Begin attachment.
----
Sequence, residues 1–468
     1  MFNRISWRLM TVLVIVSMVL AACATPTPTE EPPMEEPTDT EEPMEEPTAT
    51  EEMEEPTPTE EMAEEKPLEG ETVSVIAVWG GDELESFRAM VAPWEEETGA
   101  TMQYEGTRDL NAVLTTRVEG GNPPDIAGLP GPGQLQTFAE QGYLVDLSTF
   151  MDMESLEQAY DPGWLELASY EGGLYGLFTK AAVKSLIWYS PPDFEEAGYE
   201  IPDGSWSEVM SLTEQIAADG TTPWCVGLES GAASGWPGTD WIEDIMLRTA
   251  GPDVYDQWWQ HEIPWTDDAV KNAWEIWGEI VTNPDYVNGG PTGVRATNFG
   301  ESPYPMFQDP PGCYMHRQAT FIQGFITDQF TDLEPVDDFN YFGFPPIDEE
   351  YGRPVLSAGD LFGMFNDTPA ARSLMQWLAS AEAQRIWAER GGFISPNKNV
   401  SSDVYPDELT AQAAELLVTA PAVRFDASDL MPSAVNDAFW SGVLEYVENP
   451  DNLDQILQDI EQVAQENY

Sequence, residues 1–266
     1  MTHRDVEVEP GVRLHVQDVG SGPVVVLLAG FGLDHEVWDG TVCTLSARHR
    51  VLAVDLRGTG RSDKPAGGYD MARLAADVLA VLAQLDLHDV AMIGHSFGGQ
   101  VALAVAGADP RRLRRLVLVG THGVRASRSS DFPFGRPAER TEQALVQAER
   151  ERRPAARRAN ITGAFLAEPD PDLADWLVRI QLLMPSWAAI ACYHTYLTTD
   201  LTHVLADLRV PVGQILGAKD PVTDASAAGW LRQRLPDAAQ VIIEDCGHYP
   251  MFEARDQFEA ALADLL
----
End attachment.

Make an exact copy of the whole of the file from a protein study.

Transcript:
Sequence, residues 1–468
     1  MFNRISWRLM TVLVIVSMVL AACATPTPTE EPPMEEPTDT EEPMEEPTAT
    51  EEMEEPTPTE EMAEEKPLEG ETVSVIAVWG GDELESFRAM VAPWEEETGA
   101  TMQYEGTRDL NAVLTTRVEG GNPPDIAGLP GPGQLQTFAE QGYLVDLSTF
   151  MDMESLEQAY DPGWLELASY EGGLYGLFTK AAVKSLIWYS PPDFEEAGYE
   201  IPDGSWSEVM SLTEQIAADG TTPWCVGLES GAASGWPGTD WIEDIMLRTA
   251  GPDVYDQWWQ HEIPWTDDAV KNAWEIWGEI VTNPDYVNGG PTGVRATNFG
   301  ESPYPMFQDP PGCYMHRQAT FIQGFITDQF TDLEPVDDFN YFGFPPIDEE
   351  YGRPVLSAGD LFGMFNDTPA ARSLMQWLAS AEAQRIWAER GGFISPNKNV
   401  SSDVYPDELT AQAAELLVTA PAVRFDASDL MPSAVNDAFW SGVLEYVENP
   451  DNLDQILQDI EQVAQENY

Sequence, residues 1–266
     1  MTHRDVEVEP GVRLHVQDVG SGPVVVLLAG FGLDHEVWDG TVCTLSARHR
    51  VLAVDLRGTG RSDKPAGGYD MARLAADVLA VLAQLDLHDV AMIGHSFGGQ
   101  VALAVAGADP RRLRRLVLVG THGVRASRSS DFPFGRPAER TEQALVQAER
   151  ERRPAARRAN ITGAFLAEPD PDLADWLVRI QLLMPSWAAI ACYHTYLTTD
   201  LTHVLADLRV PVGQILGAKD PVTDASAAGW LRQRLPDAAQ VIIEDCGHYP
   251  MFEARDQFEA ALADLL